Astrobiology August 2008, 8(4): 841-857.
The iron (Fe) isotopic composition of 17 Jurassic limestones from the Rosso Ammonitico of Verona (Italy) have been analyzed by Multiple-Collector Inductively Coupled Plasma Mass Spectrometry (MC-ICP-MS). Such analysis allowed for the recognition of a clear iron isotopic fractionation (mean 0.8, ranging between 1.52 to 0.06) on a millimetercentimeter scale between the red and grey facies of the studied formation. After gentle acid leaching, measurements of the Fe isotopic compositions gave 56Fe values that were systematically lower in the red facies residues (median: 0.84, range: 1.46 to +0.26) compared to the grey facies residues (median: 0.08, range: 0.34 to +0.23). In addition, the red facies residues were characterized by a lighter 56Fe signal relative to their corresponding leachates.
These Fe isotopic fractionations could be a sensitive fingerprint of a biotic process; systematic isotopic differences between the red and grey facies residues, which consist of hematite and X-ray amorphous iron hydroxides, respectively, are hypothesized to have resulted from the oxidizing activity of iron bacteria and fungi in the red facies. The grey Fe isotopic data match the Fe isotopic signature of the terrestrial baseline established for igneous rocks and low-Corg clastic sedimentary rocks. The Fe isotopic compositions of the grey laminations are consistent with the influx of detrital iron minerals and lack of microbial redox processes at the water-interface during deposition.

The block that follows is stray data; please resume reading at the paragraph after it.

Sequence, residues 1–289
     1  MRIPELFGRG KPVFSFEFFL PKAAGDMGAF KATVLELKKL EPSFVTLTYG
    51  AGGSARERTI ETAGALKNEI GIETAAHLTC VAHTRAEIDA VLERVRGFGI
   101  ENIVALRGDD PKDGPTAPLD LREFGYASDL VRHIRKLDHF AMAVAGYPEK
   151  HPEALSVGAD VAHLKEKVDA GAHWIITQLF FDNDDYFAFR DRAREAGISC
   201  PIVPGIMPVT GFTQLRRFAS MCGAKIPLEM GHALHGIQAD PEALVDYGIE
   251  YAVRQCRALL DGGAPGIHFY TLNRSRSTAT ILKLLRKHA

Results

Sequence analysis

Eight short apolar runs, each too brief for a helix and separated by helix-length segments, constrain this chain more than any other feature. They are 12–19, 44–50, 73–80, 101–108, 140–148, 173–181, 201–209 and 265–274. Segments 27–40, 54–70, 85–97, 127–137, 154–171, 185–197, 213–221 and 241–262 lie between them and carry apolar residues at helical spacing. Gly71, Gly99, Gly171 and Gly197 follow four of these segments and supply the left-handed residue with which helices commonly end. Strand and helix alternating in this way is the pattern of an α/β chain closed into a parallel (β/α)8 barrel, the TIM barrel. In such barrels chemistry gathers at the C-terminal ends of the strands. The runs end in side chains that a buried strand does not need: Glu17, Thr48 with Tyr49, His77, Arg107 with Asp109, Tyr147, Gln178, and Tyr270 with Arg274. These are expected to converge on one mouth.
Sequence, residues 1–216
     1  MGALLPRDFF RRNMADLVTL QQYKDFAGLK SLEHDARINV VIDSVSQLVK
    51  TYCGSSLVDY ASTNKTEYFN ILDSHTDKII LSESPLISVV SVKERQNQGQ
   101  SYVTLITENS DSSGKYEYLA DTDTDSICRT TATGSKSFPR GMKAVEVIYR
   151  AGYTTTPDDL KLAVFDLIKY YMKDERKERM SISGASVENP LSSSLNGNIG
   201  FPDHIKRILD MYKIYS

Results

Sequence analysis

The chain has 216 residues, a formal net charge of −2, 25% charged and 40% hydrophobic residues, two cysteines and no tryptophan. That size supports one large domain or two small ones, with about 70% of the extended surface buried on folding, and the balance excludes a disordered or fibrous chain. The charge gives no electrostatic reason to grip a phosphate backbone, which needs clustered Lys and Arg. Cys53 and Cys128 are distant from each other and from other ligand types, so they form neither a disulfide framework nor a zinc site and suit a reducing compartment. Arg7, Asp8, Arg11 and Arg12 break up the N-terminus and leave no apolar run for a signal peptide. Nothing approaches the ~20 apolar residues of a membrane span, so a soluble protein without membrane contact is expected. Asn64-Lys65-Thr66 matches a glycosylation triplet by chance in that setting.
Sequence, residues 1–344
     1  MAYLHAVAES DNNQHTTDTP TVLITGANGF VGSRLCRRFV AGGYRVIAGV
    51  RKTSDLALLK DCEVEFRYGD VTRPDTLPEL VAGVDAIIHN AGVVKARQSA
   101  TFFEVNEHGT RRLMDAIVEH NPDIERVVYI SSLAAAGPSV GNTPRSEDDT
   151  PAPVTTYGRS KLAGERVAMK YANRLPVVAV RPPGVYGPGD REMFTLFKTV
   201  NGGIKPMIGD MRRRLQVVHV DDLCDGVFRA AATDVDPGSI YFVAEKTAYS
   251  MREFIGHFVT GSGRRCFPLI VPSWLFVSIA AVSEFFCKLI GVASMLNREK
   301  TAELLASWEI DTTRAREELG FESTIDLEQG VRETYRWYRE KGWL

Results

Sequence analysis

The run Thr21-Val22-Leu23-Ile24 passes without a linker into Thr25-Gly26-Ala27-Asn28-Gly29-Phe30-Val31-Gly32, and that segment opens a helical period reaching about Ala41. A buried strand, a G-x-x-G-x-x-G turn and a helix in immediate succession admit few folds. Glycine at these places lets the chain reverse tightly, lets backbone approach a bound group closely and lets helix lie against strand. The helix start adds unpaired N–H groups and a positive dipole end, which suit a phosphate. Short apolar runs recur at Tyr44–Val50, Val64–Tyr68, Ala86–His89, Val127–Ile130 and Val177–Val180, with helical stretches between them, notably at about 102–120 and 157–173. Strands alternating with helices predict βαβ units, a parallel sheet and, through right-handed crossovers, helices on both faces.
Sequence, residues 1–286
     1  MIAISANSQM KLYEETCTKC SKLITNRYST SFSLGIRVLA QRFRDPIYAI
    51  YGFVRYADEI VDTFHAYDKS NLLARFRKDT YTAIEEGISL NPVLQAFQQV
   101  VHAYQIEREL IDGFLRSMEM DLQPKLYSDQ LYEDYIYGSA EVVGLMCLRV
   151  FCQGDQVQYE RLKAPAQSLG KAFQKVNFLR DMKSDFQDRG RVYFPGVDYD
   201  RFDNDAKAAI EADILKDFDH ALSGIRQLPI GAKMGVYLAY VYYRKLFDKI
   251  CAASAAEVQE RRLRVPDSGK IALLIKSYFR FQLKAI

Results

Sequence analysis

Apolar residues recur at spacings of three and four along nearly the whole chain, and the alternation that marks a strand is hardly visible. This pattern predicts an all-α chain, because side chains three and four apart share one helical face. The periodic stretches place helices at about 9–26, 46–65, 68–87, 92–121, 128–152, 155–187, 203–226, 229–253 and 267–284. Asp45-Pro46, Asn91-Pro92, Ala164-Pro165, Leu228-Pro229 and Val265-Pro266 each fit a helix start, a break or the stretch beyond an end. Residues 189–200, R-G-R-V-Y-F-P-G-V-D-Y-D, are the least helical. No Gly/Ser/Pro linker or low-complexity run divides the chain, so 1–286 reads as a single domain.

Total Fe concentration measurements were performed by Inductively Coupled Plasma Atomic Emission Spectroscopy (ICP-AES) (confirmed by concentration estimations obtained by MC-ICP-MS analyses of microdrilled samples) on five samples, and resultant values range between 0.30% (mean) in the grey facies and 1.31% (mean) in the red facies. No correlation was observed between bulk Fe content and pigmentation or between bulk Fe content and Fe isotopic compositions. The rapid transformation of the original iron oxyhydroxides to hematite could have preserved the original isotopic composition if it had occurred at about the same temperature.
This paper supports the use of Fe isotopes as sensitive tracers of biological activities recorded in old sedimentary sequences that contain microfossils of iron bacteria and fungi. However, a careful interpretation of the iron isotopic fractionation in terms of biotic versus abiotic processes requires supporting data or direct observations to characterize the biological, (geo)chemical, or physical context in relation to the geologic setting. This will become even more pertinent when Fe isotopic studies are expanded to the interplanetary realm.
Astrobiology 8, 841857.
// end //